Hofstede de Groot wrote the first comprehensive study on the artist in 1892 (C. Hofstede de Groot, 'Joan van Noordt', Oud Holland 10, 1892, pp. 210-18) and his study remains essential to an understanding of the life and work of Jan van Noordt. Among the archival records that Hoofstede de Groot unearthed was the registration of the death of van Noordt's mother in 1641, which provides evidence of his birth date as 1624. Later, in 1648, a certain Joan van Noordt acted as a witness for the will of the painter Abraham van den Tempel, the son of Lambert Jacobsz in Leiden, suggesting that van Noordt was active for a short time in Leiden. In the 1660s, the artist is mentioned several times in Amsterdam. Between 1664 and 1669, Houbraken lists a Johannes Voorhout from Gouda (Uithoorn 1647-1723 Amsterdam) as a student of Jan van Noordt (Houbraken, vol. III, p. 224).
There are additional references to him throughout the early 1670s, including a rather mysterious scandal involving his brother in 1670 and a record of van Noordt empowering the wine merchant Pieter van Hartochveld to collect his debts. On 30 April 1675, the artist vanished from his house on the Egelantiersgracht and it is believed that he left Amsterdam to escape his creditors, leaving many of his drawings behind. The inventory of his estate, drawn up two days later, is the last document on Jan van Noordt.
In the face of such sparse biographical data, it is not surprising that so little is known about van Noordt's training as an artist. He is considered part of Rembrandt's circle and his paintings have been variously attributed to Ferdinand Bol, Gerbrand van der Eeckhout and Nicolaes Maes. His earliest dated works are two etchings, one of which (1644) recalls a composition by Pieter van Laer; the other (1645), a work by Pieter Lastman. In his survey of van Noordt's paintings, Sumowski has indicated the influence of Jacob-Adriaensz Backer, as well as the Fleming Jacob Jordaens. For Sumowski, the Backer connection is the most pronounced (an idea stressed as early as 1926 by Kurt Bauch, according to whom van Noordt continues Backer's late style, elaborating on models such as The Crowning of Mirtillo and Venus and Adonis).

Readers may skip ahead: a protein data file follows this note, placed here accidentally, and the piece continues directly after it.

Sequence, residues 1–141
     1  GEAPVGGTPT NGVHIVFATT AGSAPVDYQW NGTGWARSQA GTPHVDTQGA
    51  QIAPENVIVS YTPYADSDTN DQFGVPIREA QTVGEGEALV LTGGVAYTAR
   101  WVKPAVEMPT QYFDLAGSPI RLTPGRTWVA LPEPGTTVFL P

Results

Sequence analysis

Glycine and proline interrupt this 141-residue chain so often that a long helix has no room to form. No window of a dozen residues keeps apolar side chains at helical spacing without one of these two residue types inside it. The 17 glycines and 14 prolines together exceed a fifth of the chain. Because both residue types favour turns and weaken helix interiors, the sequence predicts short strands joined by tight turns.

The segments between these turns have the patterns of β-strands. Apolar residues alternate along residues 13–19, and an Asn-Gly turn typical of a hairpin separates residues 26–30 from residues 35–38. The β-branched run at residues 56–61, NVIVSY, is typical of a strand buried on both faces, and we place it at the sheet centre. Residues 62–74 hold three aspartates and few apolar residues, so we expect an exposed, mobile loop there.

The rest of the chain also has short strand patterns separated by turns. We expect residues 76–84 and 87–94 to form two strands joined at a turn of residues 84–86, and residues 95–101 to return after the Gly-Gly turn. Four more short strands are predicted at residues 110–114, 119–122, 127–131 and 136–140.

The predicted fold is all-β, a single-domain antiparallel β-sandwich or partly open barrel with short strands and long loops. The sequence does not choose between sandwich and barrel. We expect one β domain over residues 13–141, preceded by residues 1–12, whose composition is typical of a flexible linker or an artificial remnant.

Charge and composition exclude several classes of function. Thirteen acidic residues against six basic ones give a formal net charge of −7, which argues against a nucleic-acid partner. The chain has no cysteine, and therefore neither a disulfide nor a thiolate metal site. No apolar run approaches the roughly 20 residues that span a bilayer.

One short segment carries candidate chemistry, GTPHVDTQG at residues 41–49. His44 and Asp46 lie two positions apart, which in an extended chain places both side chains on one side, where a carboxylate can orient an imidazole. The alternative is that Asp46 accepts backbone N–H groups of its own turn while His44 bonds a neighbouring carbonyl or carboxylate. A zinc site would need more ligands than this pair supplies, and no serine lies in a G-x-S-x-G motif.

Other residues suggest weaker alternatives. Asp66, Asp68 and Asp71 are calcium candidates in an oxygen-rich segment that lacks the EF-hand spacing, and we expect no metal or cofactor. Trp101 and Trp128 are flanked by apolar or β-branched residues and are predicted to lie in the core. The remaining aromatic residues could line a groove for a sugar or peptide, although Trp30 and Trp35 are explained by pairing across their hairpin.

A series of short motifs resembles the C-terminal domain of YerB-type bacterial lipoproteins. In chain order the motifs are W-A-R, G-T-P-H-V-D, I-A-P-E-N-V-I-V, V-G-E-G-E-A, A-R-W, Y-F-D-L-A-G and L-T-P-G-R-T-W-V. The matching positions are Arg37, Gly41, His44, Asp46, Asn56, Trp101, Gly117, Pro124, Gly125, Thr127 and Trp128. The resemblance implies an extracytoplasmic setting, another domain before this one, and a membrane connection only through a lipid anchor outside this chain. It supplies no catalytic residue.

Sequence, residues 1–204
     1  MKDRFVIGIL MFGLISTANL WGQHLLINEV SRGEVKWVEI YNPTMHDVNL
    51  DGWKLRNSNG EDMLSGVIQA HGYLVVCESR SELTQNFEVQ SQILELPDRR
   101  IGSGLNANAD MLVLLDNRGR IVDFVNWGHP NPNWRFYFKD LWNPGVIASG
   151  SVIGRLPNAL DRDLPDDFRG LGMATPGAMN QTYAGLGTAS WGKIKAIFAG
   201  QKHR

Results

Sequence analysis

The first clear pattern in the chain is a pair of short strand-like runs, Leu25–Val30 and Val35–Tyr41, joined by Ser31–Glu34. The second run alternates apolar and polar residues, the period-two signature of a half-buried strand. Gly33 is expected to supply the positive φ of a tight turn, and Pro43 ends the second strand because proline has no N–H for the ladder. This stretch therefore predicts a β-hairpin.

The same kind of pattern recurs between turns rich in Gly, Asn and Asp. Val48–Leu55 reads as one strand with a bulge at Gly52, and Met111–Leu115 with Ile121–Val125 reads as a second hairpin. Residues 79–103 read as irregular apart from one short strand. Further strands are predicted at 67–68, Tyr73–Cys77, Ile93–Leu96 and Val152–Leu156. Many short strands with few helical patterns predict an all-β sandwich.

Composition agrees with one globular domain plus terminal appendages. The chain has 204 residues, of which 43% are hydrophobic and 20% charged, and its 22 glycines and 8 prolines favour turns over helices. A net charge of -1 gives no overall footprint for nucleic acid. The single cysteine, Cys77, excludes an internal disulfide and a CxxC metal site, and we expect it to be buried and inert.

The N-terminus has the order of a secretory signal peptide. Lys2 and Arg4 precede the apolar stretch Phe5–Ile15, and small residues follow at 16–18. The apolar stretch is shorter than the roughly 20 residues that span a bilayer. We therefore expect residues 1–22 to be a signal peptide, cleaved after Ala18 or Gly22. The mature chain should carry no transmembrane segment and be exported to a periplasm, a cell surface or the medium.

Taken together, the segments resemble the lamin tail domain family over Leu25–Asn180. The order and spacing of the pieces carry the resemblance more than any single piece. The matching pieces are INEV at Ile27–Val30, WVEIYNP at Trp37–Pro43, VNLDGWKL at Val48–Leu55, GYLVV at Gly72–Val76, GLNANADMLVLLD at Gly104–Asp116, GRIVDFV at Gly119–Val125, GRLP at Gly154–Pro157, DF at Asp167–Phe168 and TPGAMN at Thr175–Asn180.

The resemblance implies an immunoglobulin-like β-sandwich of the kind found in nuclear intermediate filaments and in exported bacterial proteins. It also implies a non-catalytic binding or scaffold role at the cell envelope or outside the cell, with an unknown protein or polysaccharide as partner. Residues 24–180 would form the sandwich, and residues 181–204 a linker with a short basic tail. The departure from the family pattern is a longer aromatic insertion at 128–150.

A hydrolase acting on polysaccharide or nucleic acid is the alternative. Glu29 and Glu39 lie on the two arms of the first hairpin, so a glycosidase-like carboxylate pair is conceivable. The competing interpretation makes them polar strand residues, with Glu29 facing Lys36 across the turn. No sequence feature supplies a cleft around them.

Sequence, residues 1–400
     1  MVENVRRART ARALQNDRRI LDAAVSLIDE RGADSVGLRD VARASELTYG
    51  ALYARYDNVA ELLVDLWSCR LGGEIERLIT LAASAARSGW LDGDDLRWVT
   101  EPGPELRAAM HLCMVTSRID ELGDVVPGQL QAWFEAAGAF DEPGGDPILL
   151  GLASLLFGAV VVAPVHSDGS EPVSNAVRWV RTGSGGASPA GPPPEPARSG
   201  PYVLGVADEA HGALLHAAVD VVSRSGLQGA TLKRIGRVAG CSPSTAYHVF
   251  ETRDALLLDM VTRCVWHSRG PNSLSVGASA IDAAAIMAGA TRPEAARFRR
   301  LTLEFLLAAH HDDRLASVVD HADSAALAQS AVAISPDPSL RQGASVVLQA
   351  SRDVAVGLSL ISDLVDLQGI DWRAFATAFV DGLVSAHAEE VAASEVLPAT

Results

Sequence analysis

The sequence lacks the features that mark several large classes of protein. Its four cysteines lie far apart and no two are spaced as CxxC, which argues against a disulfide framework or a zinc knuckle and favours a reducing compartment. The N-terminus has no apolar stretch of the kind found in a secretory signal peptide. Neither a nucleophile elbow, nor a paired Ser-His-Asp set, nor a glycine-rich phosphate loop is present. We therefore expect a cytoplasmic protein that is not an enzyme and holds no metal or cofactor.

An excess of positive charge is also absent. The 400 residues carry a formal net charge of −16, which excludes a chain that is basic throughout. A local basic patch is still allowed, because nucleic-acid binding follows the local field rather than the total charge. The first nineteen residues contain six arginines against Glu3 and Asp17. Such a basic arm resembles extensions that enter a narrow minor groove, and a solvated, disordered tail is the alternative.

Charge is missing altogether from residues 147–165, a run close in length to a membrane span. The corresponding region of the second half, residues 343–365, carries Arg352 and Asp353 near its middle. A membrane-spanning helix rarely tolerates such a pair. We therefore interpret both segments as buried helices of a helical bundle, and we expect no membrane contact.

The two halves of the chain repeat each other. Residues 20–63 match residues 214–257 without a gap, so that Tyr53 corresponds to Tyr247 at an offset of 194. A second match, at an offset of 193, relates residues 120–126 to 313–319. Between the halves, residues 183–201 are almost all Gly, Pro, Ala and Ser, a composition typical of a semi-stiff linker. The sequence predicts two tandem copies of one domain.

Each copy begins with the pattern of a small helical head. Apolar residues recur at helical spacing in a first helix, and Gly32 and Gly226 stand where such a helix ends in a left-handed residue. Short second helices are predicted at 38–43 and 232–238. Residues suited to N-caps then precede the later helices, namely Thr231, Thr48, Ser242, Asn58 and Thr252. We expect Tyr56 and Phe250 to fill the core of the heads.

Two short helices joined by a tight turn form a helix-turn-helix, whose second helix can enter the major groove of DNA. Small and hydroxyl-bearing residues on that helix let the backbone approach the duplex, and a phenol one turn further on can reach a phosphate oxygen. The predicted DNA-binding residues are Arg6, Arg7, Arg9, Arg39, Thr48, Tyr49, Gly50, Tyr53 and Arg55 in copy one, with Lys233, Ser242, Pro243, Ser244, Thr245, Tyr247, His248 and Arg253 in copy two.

Dudok van Heel has suggested that Jan van Noordt played a part in the bankruptcy of the art dealer Gerard Uylenburgh (Dudok van Heel, 1982, p. 90, note 54). Gerard was the son of Hendrick Uylenburgh, Rembrandt's business mentor and founder of the Rembrandt Academy. Gerard, however, was not as successful as his father, and an accusation of selling forged paintings led to his bankruptcy. In 1675, Gerard left hurriedly for England and it is possible that van Noordt may have accompanied him.
The half-length portraits by van Noordt which have survived mostly date from the latter part of his career, in the 1660s.
Each canvas displays a picture space bathed in reflected light, and is characterized by a soft modeling in the hands. As Sumowski notes, the form of the hand almost always identifies a work by Jan van Noordt, as in the Saint John the Evangelist (private Dutch collection) and his Portrait of a Boy, 1665 (Musée des Beaux-Arts, Lyon). One can also detect the influence of Van Dyck, and particularly his English manner, in this portrait. Naturally, Van Dyck was the dominant exponent of the international portrait style of the mid-seventeenth century and northern artists, most notably Peter Lely, were profoundly influenced by him. It remains an intriguing possibility that this picture was painted by van Noordt in England where this courtly style of portraiture was most in demand.